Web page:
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dc.contributor.authorKwan, Sze Ting
dc.identifier.otherbibid: 10361418
dc.description.abstractThe placenta is a fetal-derived tissue responsible for providing nutrients to the fetus to support its growth and development. Any abnormal variation in its size, morphology or functional capacity can adversely impact placental nutrient supply, consequently altering the development of the fetus and its risk of diseases. As such, the placenta is positioned to play a crucial role in programming offspring health in later life. A growing body of data indicates that suboptimal prenatal conditions impair aspects of placental development that affect nutrient supply, and that these placental phenotypes correlate with higher disease susceptibility in the offspring. The overarching goal of this dissertation research is to characterize the impact of maternal choline supplementation (MCS) on factors that determine placental nutrient supply. To accomplish this research goal, pregnant wild-type non Swiss Albino (NSA) mice were randomized to receive a diet containing 1X, 2X or 4X the recommended choline level and were sacrificed at one of four gestational days (E10.5, 12.5, 15.5 or 18.5). Maternal liver, serum, placentas and fetuses were collected for the following studies. Study 1 examined the impact of MCS on biomarkers of placental inflammation, apoptosis and angiogenesis as well as placental morphological and vascular indicators in mice during normal pregnancy. This study demonstrates that MCS modulates the abundance of inflammatory, apoptotic and angiogenic markers in the mouse placenta in a fetal sex- and gestational day-dependent manner. In addition, this study provides evidence of enhanced placental perfusion in response to MCS through increased luminal area of the maternal spiral arteries. Study 2 investigated the impact of MCS on placental nutrient transporter abundance and placental nutrient metabolism during late gestation of the mouse pregnancy when fetal growth is maximal. This study indicates that MCS modulates the placental nutrient metabolism and the placental abundance of nutrient transporters. More importantly, this study provides evidence showing that these choline-induced changes in the placenta alter nutrient availability in the fetal brain, suggesting that these placental changes may influence the development of the fetus and the normal functioning of its organs. Study 3 explored the impact of MCS on placental epigenetic markers during late gestation of mouse pregnancy. This study shows that MCS affects several placental epigenetic markers, including the amount of global DNA methylation, the expression of imprinted genes, as well as the abundance of microRNAs and the expression of their mRNA targets. Although these changes occur in a sexually-dimorphic manner, they all have similar downstream consequences on placental vascular development and nutrient supply system. In sum, this dissertation research shows a wide-range of effects of MCS on factors that influence placental nutrient supply and ultimately fetal development and its long term health.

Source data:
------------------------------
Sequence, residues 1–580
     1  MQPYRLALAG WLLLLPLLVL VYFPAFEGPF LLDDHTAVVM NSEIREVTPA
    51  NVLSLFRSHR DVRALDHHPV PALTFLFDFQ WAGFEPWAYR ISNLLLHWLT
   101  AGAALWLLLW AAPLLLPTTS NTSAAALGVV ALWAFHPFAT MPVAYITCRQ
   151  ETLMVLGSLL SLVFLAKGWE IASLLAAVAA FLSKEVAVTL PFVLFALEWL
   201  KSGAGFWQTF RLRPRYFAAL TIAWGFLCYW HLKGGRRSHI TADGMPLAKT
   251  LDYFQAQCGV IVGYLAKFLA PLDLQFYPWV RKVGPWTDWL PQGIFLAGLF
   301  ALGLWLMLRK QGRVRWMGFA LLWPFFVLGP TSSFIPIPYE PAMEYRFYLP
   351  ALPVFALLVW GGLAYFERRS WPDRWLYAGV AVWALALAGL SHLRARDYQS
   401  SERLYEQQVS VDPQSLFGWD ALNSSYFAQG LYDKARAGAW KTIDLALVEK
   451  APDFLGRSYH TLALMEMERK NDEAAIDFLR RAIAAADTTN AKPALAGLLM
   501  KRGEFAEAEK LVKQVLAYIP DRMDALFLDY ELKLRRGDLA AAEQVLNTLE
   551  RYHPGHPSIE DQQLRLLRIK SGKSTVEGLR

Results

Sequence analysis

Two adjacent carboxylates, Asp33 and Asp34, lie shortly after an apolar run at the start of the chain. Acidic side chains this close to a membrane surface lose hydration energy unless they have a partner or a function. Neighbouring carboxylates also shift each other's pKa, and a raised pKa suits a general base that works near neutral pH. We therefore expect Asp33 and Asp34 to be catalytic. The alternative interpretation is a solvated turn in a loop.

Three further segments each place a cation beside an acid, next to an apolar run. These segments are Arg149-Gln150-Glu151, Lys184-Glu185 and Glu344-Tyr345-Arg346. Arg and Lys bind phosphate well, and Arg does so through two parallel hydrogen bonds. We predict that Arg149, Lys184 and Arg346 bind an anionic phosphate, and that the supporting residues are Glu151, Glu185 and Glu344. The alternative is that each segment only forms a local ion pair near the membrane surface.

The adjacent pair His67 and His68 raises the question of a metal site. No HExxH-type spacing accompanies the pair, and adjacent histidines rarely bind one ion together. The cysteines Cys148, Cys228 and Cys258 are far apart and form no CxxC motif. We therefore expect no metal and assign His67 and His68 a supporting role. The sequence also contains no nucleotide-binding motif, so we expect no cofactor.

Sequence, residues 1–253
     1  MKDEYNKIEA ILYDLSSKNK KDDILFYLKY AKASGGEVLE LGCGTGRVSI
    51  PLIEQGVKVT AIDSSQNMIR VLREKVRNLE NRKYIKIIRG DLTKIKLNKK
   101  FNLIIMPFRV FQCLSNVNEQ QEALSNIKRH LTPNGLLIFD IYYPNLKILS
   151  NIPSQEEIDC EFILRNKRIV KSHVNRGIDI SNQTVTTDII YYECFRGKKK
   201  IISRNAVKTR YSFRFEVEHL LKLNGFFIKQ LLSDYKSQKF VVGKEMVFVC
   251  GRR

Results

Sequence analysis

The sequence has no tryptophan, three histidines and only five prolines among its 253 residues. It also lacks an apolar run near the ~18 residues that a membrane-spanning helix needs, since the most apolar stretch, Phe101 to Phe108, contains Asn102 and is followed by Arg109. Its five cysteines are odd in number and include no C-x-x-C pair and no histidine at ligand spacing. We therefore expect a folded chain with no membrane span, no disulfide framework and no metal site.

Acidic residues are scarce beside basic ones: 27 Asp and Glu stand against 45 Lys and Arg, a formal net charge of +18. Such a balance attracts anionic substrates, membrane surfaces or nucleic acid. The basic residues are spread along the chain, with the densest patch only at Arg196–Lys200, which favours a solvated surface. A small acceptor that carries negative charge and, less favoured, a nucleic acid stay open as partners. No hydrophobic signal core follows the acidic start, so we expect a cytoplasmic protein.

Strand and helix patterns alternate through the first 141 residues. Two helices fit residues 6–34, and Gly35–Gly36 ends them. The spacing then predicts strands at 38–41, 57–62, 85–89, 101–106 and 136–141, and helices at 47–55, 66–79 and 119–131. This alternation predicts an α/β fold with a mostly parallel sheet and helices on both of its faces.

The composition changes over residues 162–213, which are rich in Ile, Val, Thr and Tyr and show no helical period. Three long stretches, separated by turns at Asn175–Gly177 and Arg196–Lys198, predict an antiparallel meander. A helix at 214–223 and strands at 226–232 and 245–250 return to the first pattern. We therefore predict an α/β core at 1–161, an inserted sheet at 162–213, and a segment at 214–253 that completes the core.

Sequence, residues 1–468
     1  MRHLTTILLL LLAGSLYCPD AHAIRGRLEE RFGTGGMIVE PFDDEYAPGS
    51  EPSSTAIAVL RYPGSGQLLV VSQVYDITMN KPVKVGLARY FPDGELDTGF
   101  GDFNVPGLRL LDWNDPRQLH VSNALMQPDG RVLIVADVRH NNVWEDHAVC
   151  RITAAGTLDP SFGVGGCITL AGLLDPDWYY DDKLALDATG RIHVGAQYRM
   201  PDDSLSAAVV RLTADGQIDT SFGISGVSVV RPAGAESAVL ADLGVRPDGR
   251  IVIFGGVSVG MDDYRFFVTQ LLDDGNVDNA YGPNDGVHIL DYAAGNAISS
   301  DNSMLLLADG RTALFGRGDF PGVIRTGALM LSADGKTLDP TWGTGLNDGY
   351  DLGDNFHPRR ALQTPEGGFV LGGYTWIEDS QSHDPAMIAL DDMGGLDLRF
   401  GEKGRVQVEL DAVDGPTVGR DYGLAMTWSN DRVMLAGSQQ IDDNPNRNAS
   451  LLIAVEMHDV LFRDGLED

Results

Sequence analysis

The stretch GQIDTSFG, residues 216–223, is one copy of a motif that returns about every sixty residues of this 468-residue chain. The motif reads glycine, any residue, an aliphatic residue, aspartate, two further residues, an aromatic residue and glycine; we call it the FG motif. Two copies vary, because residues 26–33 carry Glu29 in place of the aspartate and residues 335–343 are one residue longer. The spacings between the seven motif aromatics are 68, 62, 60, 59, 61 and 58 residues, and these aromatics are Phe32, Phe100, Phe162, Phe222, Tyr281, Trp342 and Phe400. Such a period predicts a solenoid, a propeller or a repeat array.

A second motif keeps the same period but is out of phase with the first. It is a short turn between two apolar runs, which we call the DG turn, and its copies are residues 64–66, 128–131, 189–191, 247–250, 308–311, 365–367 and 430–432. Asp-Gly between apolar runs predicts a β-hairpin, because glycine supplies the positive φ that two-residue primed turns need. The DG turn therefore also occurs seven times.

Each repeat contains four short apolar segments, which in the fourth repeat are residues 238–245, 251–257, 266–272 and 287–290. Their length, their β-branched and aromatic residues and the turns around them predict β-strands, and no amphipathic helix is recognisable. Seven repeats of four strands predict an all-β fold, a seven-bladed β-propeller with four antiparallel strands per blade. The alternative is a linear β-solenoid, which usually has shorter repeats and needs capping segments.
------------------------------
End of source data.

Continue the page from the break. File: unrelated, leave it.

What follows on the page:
dc.typedissertation or thesis University of Philosophy D., Nutrition
dc.contributor.chairCaudill, Marie A.
dc.contributor.committeeMemberStrupp, Barbara Jean
dc.contributor.committeeMemberClark, Andrew
dc.contributor.committeeMemberRoberson, Mark Stephen

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